Indiana Pacers v Los Angeles Lakers

The Extra Pass: Should Indiana be worried about its offense? And Tuesday’s recaps.

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LOS ANGELES — Indiana is the best team in the NBA right now — they have the best record in the league (by percentage points over Oklahoma City) and they have the best point differential in the league. The Pacers are legitimate title contenders.

They have done all that in spite of their offense.

The Pacers are scoring 102.8 points per 100 possessions this season, which is 18th best in the NBA. That pedestrian number is masked by their top ranked defense, and with that they still have the best point differential in the league per possession. While there have been stretches where the offense has been above average, it has at no point been elite.

Is that something to worry about?

“Yea, a little bit, we want to be in the Top 10,” Pacers coach Frank Vogel said before his team took on the Lakers Tuesday night — and struggled for a half on offense against one of the league’s worst defenses. “With where our defense is, we feel if we are in the top 10 we are where we want to be. It’s probably not as high as we want to be.”

“We’ve got to get back to being consistent on the offensive end, sharing the ball, moving it, setting guys up, getting guys open and continuing to play for one another,” Paul George said.

Tuesday night the Pacers looked like a team with tired legs at the end of a road trip —George was 4-of-21 and didn’t have the lift we are accustomed to. Danny Granger was 3-of-10 shooting. As a team the Pacers were 2-of-11 from three in the first half.

Once again, as it has been for much of the season, it was left to Lance Stephenson to create offense, particularly on the perimeter in the half court. He responded, as he has much of the season — but Vogel admitted this was not the vision he had starting the season.

“I wanted to expand his role,” Vogel said of his plans for Stephenson going into training camp. “What I envisioned was getting him out early, bringing him back to play with the bench unit and running offense through him. That sort of expanded when he started producing with the starting unit. So obviously, we’re a balanced team and we’re going to go to the hot hand so to speak, or to whoever is making the most efficient plays. With the second unit that’s who we’re going with, but a lot of times with the first unit he’s been great too.”

The second unit is becoming a little more about Granger, who is in a sixth man role that he willingly has accepted. But Granger is not yet his old self.

“He’s coming, he’s coming,” Vogel said of Granger. “He’s not there yet, he knows that. There’s going to be good nights and not so good nights, good plays and not so good plays. When you come back from a major knee surgery like that you’re not really yourself until the second year. He’s only 18 or 19 games. But he’s got four months to play before we start the playoffs, and that’s where we think he will be the biggest factor for us.”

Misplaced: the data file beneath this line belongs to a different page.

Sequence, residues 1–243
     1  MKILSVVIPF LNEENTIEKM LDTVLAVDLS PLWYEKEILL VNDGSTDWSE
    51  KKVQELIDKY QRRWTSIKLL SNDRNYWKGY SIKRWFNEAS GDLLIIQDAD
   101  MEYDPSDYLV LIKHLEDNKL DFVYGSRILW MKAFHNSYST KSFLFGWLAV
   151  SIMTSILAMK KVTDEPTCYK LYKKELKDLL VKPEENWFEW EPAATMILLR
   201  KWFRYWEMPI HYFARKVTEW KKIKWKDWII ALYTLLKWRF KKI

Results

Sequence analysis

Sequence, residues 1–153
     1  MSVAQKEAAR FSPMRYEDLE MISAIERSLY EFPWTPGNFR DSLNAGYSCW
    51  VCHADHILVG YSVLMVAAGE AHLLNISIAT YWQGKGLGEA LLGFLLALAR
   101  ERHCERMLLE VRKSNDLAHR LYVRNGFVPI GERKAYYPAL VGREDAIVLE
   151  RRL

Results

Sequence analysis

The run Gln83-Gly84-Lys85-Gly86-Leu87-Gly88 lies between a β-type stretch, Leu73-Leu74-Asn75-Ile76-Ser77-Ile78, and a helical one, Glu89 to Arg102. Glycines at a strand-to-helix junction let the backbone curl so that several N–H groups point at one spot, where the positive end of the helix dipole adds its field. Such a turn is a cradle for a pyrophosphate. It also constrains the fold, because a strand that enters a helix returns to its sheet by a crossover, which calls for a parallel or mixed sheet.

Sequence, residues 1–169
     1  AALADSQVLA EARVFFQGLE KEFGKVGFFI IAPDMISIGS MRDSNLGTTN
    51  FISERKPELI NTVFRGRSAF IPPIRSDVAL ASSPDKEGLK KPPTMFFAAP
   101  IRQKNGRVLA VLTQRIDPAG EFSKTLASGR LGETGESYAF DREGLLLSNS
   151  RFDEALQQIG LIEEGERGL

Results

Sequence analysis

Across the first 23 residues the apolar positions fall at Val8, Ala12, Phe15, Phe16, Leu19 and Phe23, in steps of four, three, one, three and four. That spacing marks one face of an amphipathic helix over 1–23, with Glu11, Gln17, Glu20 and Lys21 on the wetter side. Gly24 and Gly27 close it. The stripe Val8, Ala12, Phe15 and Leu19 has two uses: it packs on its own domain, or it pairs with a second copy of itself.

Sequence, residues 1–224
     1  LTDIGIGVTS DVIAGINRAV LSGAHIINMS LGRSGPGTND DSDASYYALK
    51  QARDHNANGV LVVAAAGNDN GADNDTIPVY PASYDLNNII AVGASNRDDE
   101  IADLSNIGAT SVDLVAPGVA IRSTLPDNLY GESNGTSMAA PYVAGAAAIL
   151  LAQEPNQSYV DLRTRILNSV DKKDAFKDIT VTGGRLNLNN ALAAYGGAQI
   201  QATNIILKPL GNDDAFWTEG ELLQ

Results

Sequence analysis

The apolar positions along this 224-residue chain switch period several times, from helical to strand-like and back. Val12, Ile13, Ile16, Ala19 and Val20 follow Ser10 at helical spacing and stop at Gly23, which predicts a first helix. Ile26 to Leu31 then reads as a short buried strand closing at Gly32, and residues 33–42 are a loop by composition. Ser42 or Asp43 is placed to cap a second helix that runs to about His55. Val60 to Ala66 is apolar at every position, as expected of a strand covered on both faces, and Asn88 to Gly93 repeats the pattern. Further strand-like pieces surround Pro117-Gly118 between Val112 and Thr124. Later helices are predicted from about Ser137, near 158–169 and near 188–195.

Against the Lakers — who want to run but don’t really bother to play transition defense — the Pacers got 17.4 percent of their attempts in transition. That’s part of the plan, Vogel said, describing what he wants the Pacers to play with is “intelligent tempo.”

“We want to explore for early strikes every time we get the ball, we don’t want to do it at the cost of turnovers, low turnovers, and (we want) great shots — not good shots, or average shots, or bad shots. Great shots and low turnovers,” Vogel said.

Come the playoffs, there will be less of that — which is fine by Indiana. The game slows down in the playoffs and that means the Pacers can get back and set their fierce defense.

But they are still going to have to score in the half court, and do it a bit more efficiently than they have to this point. At least they’ll need to against Miami and it’s aggressive defense (the rest of the East, it won’t matter). The Pacers have time to get back to what Paul George seems to remember them doing better.

Their offense isn’t really something to worry about, but a little concern is not out of order.

—Kurt Helin
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source:  Pelicans 100, Cavaliers 89: Anthony Davis put up a monster stat line of 30 points, seven rebounds and eight blocked shots for the Pelicans, who had little trouble with a Cavs team playing without Anderson Varejao due to injury. On the Cavs’ side, Kyrie Irving was average and Dion Waiters was slightly above, but the bright spot was rookie and number one overall draft pick Anthony Bennett, who cracked double figures scoring for the first time with 15 points and eight rebounds in 31 minutes of action. — Brett Pollakoff

Knicks 114, Celtics 88: The Knicks got their third straight victory, and got a small measure of revenge in the process. Boston handed New York two of their worst losses of the season, but this time the result was never in doubt for the Knicks. New York led by as many as 35 points in this one before the game came to its merciful conclusion. Kenyon Martin returned to action, but left with another injury that appeared to be related to his chronic ankle issues. Iman Shumpert also left in the first quarter with a shoulder injury and did not return, and his status moving forward remains unknown. It was an easy win for the Knicks, but a potentially costly one. –BP